Announcements of businesses leaving regulation-happy and costly California or declining to do business in California are as common here in the Golden State as seeing a Prius blocking the left lane on the 405. This move is a bit of a surprise as California-based Tesla Motors said this morning that they have eliminated the state as a possible site for their $5-billion dollar battery factory, meaning only Texas, New Mexico, Arizona and Nevada remain in the running.
It was only two weeks ago that the electric automaker announced plans to build the 500 to 1,000-acre site designed to produce up to 500,000 batteries per year and employ up to 6,500 workers to support the launch of upcoming models. The Los Angeles Times says the California governor’s office is not commenting but you can be sure there are some embarrassed bureaucrats in Sacramento when they learned today that the sites they proposed to Tesla were the first to be rejected. Tesla is also mum as to why California was rejected as of this writing.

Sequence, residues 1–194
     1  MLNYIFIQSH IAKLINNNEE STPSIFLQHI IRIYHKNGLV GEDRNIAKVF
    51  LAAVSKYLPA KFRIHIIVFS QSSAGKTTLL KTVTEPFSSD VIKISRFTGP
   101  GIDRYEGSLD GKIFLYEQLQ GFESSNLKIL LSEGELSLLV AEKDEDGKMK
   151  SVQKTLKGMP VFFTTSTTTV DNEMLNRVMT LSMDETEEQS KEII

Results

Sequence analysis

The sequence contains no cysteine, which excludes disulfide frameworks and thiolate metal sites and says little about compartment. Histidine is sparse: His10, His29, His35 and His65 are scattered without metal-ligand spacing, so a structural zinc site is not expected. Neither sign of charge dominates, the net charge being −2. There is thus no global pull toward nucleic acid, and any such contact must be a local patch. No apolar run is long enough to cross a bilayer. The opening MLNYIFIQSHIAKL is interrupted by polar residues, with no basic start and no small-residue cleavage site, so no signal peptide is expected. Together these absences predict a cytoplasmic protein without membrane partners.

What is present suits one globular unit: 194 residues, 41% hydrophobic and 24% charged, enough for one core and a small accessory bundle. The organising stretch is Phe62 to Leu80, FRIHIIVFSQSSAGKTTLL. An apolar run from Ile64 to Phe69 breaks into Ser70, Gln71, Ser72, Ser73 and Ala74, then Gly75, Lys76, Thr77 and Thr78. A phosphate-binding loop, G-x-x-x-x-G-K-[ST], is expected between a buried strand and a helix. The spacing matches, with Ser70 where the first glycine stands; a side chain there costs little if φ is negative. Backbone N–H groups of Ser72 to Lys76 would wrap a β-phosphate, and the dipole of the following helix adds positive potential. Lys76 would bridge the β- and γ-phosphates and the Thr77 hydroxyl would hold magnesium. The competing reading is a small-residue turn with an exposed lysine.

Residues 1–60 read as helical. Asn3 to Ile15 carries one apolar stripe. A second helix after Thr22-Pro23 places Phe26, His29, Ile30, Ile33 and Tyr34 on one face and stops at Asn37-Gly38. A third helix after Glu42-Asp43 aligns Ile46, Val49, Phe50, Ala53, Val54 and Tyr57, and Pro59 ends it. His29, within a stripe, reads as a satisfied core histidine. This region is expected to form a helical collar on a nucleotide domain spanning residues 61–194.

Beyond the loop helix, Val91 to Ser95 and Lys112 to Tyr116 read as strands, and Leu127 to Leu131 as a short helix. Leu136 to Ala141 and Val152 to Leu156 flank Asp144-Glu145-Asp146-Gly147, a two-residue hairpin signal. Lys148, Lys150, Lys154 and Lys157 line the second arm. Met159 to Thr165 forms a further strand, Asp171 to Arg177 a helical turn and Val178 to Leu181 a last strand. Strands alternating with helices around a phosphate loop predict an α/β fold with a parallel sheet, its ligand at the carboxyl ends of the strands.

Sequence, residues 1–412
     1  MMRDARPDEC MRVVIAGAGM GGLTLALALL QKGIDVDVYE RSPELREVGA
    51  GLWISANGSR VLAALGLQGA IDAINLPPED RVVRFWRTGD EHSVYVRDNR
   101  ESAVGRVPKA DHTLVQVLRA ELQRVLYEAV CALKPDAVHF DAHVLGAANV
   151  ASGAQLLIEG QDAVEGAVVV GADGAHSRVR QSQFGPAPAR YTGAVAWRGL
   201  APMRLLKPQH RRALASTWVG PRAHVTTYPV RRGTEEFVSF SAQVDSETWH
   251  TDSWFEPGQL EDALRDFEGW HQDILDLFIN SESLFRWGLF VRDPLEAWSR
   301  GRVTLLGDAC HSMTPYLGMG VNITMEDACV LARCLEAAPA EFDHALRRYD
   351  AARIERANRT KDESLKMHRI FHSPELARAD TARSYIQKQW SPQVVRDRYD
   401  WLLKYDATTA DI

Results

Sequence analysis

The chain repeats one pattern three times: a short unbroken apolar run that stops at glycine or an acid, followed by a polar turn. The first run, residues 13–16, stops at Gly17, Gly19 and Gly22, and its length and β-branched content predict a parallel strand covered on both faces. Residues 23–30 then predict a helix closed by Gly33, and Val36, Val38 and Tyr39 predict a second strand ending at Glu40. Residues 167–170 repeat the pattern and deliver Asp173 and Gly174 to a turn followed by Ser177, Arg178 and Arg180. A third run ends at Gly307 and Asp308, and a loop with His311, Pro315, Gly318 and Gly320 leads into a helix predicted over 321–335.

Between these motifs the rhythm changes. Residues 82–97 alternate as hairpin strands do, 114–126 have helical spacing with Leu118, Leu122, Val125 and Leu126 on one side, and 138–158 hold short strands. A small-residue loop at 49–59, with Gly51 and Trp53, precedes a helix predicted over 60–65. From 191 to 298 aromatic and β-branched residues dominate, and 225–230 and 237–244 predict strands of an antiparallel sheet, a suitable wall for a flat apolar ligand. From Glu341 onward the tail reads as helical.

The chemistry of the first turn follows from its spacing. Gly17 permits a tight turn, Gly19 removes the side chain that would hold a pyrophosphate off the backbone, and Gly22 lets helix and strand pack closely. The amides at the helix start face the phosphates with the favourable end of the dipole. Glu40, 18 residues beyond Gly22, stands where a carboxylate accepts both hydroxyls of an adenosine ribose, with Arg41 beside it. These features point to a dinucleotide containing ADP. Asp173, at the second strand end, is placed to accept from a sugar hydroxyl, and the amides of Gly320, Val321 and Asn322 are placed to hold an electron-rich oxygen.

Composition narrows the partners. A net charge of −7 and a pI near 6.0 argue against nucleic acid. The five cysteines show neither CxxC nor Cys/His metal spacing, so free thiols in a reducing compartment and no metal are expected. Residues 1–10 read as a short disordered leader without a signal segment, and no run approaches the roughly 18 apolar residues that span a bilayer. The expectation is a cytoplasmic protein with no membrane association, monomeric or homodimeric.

Besides California being Tesla’s number one state for car sales, the company employees over 6,000 workers at their Fremont factory, their Palo Alto headquarters and their Southern California design studio.
This begs the question: will Tesla possibly bargain with Texas to change their franchise laws to allow them to open traditional dealerships in exchange for the battery factory?